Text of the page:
Charlie Gard case heads to UK court in light of new evidence

Parents of Charlie Gard, Connie Yates and Chris Gard pose for the media ahead of delivering a petition with more than 350,000 signatures to Great Ormond Street Hospital in London, Sunday, July 9, 2017. Britain's justice secretary says the government won't play a role in deciding the medical treatment of a terminally ill baby whose parents want to take him to the U.S. for experimental treatment. David Lidington says that the decision on 11-month-old Charlie Gard will be made by judges acting "independent and dispassionately" based on the facts of the complicated case. (Dominic Lipinski/PA via AP)

LONDON (AP) — A British court will assess new evidence Monday in the case of 11-month-old Charlie Gard as his mother pleaded with judges to allow the terminally ill infant to receive experimental treatment.

Great Ormond Street Hospital applied for the court hearing to be held because of “new evidence relating to potential treatment for his condition” from researchers at the Vatican’s children’s hospital and another facility outside of Britain.

The application came after both Pope Francis and President Donald Trump brought international attention to the case, with hospitals in Rome and the U.S. offering to provide Charlie the experimental therapy.

A petition supporting Charlie’s right to treatment has garnered around 350,000 signatures and more than 1.3 million pounds ($1.7 million) have been raised online for his case.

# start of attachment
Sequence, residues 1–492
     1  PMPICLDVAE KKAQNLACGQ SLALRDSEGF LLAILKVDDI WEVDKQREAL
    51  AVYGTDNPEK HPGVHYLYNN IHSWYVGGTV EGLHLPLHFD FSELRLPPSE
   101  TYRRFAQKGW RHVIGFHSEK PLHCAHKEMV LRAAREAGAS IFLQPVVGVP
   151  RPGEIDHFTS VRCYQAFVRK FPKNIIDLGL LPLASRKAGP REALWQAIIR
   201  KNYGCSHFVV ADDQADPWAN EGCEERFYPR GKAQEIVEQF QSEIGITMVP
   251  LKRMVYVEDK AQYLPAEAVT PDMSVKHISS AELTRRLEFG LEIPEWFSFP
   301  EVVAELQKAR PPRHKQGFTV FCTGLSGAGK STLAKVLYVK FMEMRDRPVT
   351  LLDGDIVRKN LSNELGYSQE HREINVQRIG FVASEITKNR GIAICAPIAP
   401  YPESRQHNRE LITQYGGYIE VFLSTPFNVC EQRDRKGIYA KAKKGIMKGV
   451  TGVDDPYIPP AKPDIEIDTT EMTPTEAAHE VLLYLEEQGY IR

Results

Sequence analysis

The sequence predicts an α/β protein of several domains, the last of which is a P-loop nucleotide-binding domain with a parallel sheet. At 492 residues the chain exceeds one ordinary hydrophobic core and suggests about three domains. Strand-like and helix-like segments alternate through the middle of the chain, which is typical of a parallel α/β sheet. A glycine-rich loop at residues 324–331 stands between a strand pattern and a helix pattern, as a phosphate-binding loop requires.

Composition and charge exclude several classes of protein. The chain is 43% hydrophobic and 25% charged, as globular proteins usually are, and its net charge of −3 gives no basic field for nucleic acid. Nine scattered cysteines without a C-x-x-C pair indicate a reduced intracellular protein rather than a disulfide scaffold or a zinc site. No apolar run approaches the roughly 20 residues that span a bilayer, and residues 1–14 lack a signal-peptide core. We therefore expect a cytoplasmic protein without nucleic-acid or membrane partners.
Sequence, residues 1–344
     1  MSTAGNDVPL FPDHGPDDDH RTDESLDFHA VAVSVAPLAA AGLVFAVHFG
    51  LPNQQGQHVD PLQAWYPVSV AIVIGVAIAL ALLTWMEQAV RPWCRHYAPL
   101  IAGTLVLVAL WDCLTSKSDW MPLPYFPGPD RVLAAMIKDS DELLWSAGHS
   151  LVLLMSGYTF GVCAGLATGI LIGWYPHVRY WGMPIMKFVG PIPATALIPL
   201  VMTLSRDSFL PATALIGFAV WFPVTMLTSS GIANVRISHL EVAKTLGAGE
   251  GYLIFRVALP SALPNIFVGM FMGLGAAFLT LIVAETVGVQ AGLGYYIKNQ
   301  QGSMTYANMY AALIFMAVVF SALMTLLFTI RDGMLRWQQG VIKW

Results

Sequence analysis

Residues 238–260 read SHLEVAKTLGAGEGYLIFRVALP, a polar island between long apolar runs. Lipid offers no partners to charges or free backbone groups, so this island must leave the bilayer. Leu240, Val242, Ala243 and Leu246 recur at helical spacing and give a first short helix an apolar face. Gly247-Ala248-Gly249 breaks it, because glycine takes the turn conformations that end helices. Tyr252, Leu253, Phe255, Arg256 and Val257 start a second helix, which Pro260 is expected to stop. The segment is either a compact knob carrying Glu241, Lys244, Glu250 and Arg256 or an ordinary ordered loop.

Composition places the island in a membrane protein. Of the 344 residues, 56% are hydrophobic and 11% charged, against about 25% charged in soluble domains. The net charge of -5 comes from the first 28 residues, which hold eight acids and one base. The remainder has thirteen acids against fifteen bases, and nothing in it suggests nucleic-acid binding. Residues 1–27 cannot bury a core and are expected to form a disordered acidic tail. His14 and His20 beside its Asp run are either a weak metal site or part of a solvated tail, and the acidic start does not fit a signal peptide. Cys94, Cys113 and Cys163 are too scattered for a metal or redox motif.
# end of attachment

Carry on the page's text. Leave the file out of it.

The re-opening of the case at London’s High Court may allow Charlie to receive the therapy treatment at his current hospital or abroad.

Previous courts ruled that Charlie couldn’t receive the treatment for his mitochondrial depletion syndrome, a rare genetic disease that left him with brain damage and unable to breathe unaided, and that he should be taken off of life support. These rulings sided with the hospital’s original stance that the experimental treatment was “unjustified” and may cause Charlie more suffering with no cure.

Charlie’s mother, Connie Yates, told Sky News that she wants the judges to listen to experts on his condition who say the treatment might help.

“I hope they can see there is more of a chance than previously thought and hope they trust us as parents and trust the other doctors,” she said.

Yates said that seven specialists from around the world have voiced their support and told her that the treatment has an “up to 10 percent chance of working.”

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